Burns and Scalds

Contributed by : Ravina Sewani   
Burns and Scalds

Children have a more delicate skin than adults so burns and scalds affect them severely.

Children have a more delicate skin than adults so burns and scalds affect them severely. Burns and scalds are not the same. Burns are caused by dry heat, for example, by an iron or fire. Scalds, on the other hand, are caused by wet heat, for example, hot water or steam.

Burns and scalds cause:

  • Red or peeling skin
  • Blisters
  • Swelling
  • White or charred skin 

Burns are of 3 levels - first, second, and third degree burns:

  • First degree burns are mild causing pain and reddening of the skin. Second degree burns cause redness, swelling, pain, and blistering. Third degree burns cause white, blackened, or charred skin that may be numb.
  • First degree burns can be treated at home. Second and third degree burns need medical attention immediately.

A few things to keep in mind before treating burns at home:

  • If the source of the burn is electrical, do not touch your child. First turn off the switch.
  • If the source of the burn is anything hot or due to any chemical, remove the agent and run cool water over the burn.
  • If your child's clothing is on fire, make them stop running, cover their face, drop them to the floor, and extinguish the fire with a blanket. If your child is old enough to understand instructions, ask them to stop walking/running, cover their face with their hands, drop to the floor, and roll on the floor to put the fire out.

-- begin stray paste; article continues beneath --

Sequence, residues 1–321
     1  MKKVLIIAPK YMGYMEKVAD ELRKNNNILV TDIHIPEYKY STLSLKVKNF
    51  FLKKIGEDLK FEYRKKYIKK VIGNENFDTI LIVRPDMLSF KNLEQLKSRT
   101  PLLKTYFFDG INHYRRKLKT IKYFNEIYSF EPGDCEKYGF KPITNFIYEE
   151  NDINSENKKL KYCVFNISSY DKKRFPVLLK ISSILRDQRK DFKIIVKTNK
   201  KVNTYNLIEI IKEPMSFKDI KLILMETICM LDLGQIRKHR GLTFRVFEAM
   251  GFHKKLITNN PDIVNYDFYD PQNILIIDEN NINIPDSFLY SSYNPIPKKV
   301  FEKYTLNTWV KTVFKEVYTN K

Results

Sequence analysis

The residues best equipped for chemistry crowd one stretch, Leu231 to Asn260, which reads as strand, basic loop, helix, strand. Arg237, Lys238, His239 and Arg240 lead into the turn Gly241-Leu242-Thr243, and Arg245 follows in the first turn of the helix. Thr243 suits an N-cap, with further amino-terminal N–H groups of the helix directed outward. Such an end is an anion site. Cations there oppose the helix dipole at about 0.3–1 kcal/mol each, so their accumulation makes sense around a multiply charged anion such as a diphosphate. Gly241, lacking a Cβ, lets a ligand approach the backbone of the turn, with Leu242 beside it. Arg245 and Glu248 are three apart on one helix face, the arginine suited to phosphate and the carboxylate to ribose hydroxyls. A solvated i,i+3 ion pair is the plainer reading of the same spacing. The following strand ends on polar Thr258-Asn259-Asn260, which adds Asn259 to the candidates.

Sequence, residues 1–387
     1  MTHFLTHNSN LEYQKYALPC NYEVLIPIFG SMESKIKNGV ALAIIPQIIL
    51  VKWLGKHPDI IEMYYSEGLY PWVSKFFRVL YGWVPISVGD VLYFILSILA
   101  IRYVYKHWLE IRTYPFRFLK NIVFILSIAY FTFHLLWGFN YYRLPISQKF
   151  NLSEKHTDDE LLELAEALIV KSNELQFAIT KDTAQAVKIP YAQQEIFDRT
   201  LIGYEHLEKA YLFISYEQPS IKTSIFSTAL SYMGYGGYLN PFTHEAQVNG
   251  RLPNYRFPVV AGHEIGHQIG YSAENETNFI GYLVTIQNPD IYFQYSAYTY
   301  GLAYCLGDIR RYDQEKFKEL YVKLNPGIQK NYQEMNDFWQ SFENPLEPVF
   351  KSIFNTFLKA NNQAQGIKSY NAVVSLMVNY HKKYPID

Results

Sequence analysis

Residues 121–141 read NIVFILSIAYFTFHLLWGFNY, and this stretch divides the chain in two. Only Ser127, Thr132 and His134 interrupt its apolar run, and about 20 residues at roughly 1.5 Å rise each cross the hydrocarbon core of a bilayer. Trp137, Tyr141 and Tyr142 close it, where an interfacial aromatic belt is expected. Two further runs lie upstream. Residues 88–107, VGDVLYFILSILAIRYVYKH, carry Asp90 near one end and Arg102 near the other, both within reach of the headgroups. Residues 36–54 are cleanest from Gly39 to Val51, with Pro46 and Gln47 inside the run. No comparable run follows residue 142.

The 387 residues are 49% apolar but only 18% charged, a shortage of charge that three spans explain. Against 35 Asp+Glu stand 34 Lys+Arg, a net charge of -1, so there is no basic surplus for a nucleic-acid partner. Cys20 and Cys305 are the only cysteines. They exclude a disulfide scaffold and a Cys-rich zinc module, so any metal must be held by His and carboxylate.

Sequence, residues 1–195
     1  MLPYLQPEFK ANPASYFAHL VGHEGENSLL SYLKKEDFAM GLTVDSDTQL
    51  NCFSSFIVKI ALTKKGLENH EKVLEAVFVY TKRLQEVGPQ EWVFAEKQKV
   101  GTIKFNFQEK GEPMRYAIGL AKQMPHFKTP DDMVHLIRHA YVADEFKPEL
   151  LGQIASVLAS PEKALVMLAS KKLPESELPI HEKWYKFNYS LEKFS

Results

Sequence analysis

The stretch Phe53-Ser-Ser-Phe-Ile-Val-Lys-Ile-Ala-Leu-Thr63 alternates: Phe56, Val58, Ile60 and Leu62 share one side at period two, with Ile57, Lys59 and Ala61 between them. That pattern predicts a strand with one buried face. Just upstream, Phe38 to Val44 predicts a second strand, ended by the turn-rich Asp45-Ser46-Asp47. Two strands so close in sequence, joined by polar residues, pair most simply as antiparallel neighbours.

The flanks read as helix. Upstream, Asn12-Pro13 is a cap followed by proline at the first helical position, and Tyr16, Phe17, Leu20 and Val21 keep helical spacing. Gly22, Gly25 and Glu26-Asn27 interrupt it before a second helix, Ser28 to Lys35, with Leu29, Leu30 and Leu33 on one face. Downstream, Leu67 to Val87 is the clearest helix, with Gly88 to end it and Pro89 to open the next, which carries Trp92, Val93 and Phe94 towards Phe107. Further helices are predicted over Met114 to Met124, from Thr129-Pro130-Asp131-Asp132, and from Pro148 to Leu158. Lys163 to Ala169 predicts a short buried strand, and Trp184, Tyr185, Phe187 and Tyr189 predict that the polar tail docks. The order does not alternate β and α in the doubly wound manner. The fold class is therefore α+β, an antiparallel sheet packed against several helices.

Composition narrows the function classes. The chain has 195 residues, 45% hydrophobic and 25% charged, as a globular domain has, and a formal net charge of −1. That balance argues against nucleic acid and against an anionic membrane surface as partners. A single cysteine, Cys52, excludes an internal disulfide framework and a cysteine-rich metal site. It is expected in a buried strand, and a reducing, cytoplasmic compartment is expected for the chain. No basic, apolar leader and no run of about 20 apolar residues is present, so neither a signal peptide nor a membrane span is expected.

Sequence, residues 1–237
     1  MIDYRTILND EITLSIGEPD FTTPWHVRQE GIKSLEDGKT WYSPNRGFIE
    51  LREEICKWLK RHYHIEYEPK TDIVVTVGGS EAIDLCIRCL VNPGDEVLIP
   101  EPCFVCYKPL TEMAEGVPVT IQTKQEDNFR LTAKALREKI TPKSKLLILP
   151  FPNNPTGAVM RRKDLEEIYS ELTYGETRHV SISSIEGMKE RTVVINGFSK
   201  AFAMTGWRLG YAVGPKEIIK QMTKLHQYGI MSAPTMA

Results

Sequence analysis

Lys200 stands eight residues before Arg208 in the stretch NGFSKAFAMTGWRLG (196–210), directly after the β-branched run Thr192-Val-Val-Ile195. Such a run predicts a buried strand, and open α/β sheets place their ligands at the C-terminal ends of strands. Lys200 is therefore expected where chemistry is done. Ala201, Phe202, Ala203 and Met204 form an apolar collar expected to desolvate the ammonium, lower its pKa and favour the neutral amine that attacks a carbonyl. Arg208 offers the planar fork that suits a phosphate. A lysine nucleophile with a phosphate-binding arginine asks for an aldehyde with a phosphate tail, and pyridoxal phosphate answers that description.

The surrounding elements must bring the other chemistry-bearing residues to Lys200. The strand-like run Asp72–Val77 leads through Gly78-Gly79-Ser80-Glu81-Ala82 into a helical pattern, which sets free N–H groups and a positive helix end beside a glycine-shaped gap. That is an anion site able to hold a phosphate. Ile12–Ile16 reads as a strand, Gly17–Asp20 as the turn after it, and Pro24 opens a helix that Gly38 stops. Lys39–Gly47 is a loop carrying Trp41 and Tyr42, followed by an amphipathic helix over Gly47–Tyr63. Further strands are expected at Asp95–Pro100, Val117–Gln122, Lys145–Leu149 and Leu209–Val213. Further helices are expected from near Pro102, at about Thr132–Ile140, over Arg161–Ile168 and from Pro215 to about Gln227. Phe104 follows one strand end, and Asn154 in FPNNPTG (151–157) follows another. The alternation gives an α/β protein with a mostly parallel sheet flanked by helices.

Treating burns and scalds at home:

  • Soak the burn in cool (not cold) water for at least 15 minutes. Do not use ice.
  • If there is any clothing attached with the burn, do not peel it. Cut the extra clothing around it.
  • Cover the burn using a clean cloth or an antibiotic ointment.
  • Do not pop any blisters.
  • If your child is experiencing pain, ask your child's paediatrician to prescribe medication for the pain.

Preventing burns:

  • Kids are curious by nature so it is up to parents to take proper precautions which will prevent injuries from burns and scalds. Here are a few things to keep in mind:
  • Keep the water temperature for bathing young children between 37 to 38 C.
  • Do not leave kids unsupervised in the bathroom or kitchen.
  • Keep hot drinks and handles out of reach of children.
  • Never carry hot things when holding children.

Call the doctor if:

  • The burned area is charred or white.
  • Electric shock or chemicals caused the burn.
  • The burn is on the face, hands, feet, genitals, or a joint.
  • The burn covers 10% or more of the body.

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